Physicians in the United States report the occurrence of infectious diseases such as pertussis (whooping cough), tuberculosis, shigellosis, and hepatitis A, B, and C, along with other diseases that have been determined to have public health importance to state health officials. State officials investigate local occurrences of infectious diseases and in turn, notify federal public health officials working at the National Institutes of Health and the U.S. Centers for Disease Control and Prevention (CDC) of outbreaks. Globally, the World Health Organization (WHO) coordinates this intricate web of surveillance and reporting of infectious diseases. Prompt surveillance and reporting was credited with halting the epidemic of severe acute respiratory syndrome (SARS) in 2003, when it suddenly emerged in China and quickly spread from Asia to North America via infected air travelers. China was initially criticized for withholding vital information about the epidemic, but later shared information with the WHO, and has since pledged active cooperation in the international effort to identify and track emerging infectious diseases.
Health officials in London, United Kingdom, identified a new SARS-like coronavirus in a patient transferred from Qatar in September 2012. In March 2013, Chinese health authorities and the WHO identified a new type of avian influenza A subtype H7N9 that first occurred around Shanghai, China.
Because infectious diseases such as pandemic influenza, HIV/AIDS, and resistant strains of tuberculosis, malaria, gonorrhea, and E. coli, among others, have emerged or re-emerged, new and urgent challenges exist for scientists who investigate and fight infectious diseases. Infectious diseases currently incur such a burden that they threaten to destroy social order in some developing nations, and pose extremely difficult to public health problems even in the wealthiest societies. Globalization has brought about demand for legal and illegal trade in animals and animal products that present disease risks. Air travel has created the situation in which travelers can return home from areas where diseases are endemic (naturally occurring) within the incubation period of every infectious disease, which can potentially precipitate an epidemic. Increasing habitat destruction and human population growth have brought wild animals and humans in closer contact, facilitating the transmission of zoonotic diseases, those that are transmitted from animals. Climate change and warming trends are also encouraging the populations of disease vectors, including mosquitoes and ticks, to increase in areas where they were previously not viable.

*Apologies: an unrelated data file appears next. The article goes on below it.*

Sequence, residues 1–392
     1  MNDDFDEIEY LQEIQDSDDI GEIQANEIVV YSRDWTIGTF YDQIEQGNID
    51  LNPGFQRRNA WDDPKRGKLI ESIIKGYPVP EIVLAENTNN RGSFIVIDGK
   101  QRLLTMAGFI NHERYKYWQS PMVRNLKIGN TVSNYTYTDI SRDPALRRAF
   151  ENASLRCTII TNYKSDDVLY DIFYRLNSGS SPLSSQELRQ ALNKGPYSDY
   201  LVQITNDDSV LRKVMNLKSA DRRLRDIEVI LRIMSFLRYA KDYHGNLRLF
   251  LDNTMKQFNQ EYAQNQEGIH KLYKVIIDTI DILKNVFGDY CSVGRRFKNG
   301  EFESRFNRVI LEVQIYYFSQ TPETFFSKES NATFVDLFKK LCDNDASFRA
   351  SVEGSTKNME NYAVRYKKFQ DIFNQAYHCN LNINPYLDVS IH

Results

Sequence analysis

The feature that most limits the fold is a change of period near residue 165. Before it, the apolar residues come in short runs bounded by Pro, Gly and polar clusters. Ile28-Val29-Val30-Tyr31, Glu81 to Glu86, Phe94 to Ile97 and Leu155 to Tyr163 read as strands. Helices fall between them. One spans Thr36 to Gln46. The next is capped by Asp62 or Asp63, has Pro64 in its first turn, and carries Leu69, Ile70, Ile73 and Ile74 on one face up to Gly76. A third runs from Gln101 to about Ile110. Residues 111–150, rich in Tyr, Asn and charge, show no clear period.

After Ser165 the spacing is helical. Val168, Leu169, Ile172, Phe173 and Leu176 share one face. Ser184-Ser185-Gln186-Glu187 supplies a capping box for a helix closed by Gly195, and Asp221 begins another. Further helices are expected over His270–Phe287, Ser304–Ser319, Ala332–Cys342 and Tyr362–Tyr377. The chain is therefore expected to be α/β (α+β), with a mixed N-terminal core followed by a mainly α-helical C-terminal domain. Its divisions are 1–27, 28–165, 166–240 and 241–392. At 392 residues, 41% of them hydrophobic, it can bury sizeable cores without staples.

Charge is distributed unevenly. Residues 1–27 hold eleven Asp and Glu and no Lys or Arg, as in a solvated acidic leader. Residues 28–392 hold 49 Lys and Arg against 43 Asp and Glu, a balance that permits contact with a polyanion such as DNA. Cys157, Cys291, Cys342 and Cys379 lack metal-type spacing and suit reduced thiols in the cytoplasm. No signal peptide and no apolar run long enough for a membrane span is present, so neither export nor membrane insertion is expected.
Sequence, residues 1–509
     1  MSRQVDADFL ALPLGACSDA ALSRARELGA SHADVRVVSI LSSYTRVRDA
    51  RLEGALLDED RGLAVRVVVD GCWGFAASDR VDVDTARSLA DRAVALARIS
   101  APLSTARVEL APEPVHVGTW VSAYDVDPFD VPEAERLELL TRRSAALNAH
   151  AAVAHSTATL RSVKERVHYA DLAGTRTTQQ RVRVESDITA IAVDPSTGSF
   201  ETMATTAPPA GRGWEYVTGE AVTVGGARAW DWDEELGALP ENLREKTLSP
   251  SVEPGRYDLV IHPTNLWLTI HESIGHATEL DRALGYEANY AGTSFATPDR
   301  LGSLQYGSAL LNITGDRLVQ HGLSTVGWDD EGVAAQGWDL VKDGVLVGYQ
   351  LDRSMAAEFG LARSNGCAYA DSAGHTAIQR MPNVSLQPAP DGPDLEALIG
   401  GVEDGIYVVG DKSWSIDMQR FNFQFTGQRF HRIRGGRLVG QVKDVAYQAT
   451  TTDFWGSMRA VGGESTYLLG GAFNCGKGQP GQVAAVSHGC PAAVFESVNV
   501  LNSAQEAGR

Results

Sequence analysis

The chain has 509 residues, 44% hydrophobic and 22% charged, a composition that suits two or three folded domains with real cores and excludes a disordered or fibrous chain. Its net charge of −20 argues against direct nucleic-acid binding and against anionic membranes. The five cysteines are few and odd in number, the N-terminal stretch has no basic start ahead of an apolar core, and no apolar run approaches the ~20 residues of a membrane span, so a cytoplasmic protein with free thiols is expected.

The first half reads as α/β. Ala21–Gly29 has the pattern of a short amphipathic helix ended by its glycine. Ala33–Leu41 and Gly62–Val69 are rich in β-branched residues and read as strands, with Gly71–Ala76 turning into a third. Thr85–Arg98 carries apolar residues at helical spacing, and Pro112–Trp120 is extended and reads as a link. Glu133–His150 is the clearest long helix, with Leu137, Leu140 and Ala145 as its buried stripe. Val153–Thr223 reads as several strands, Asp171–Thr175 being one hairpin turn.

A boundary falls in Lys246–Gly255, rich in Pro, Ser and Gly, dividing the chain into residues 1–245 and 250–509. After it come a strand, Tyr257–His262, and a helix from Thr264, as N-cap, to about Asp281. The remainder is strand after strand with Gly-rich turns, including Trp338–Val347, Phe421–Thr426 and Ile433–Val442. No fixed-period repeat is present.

Despite these challenges, some victories against infectious disease have been among the most important achievements in human public health. Smallpox is eradicated among humans, and the virus exists only in a few carefully controlled laboratory settings. Measles cases have been reduced by more than 70 percent worldwide in the last three decades. Polio, once on the verge of eradication, has maintained a stubborn hold in a few African and Asian countries, and renewed international efforts are again under way to eliminate the disease. New drugs to fight resistant tuberculosis and for pre-exposure prevention of HIV infection are under development, as are new vaccines for infectious diseases that are especially prevalent in young children. Significantly, a new era of alliance between governments, industry, private foundations, and non-governmental organizations is occurring, dedicated and coordinated in their efforts to make headway against the burden of infectious diseases in the world.
Special health challenges
In areas of civil unrest or war, sanitation-related disease and infectious disease outbreaks can become deadly. In the evolving revolution and civil war in Libya during 2011, for example, refugee encampments—especially near airports and border areas—filled with fleeing workers and their families. In the Libyan capital of Tripoli, for example, people seeking to leave Libya congregated near the airport, creating a large unorganized camp without sanitation. Unofficial reports from doctors operating in the area described open excrement running through areas used for cooking and washing. Physicians on the ground also report daily deaths from infectious disease that in some areas surpassed the number of causalities attributed to fighting.
In December 2015, the WHO identified the most dire epidemic disease threats, defined as those diseases requiring urgent prioritization in research and development, including Crimean Congo hemorrhagic fever (CCHF), Ebola virus disease (EVD), Lassa hemorrhagic virus disease (LVHD), Marburg virus disease (MVD), Middle East respiratory syndrome (MERS-CoV), severe acute respiratory syndrome (SARS), Nipah virus disease (NiVD), and Rift Valley fever (RVFD). Listed as serious, but less urgent, diseases requiring additional study were Chikungunya virus disease (CHIVD), severe fever with thrombocytopenia syndrome (SFTS), and Zika virus disease (ZIKVD). Diseases with epidemic potential but not listed as urgent because major research and clinical treatment networks already exist include acquired immune deficiency syndrome (AIDS) and human immunodeficiency virus (HIV) infection, avian influenza, dengue hemorrhagic fever, malaria, and tuberculosis.
As the Zika virus continued a rapid advance in the Americas, World Health Organization (WHO) officials declared the virus and its suspected link to birth defects an international public health emergency. By September 2016, more than one million cases had been reported in South America, Central America, the Caribbean, and in the Southern United States. As of May 2017, 59 countries and territories around the world have confirmed vector-borne transmission of Zika virus. An additional 19 countries are considered at lower risk, with no Zika transmission within the last three months, but with historical transmission since 2007. The WHO expects that Zika infections might eventually spread freely in all but two countries in the Americas, Chile, and Canada, where populations of the mosquito vector may be kept below levels necessary to cause a severe outbreak.
In May 2017, The World Health Organization declared a new Ebola outbreak in the Democratic Republic of Congo. Three people died following reports of a cluster of nine "undiagnosed illnesses" with symptoms close to those of Ebola-like hemorrhagic fever. Laboratory tests did not initially link the outbreak to 2014 epidemic in West Africa that killed more than 11,300 people in Guinea, Sierra Leone, Liberia, and neighboring countries.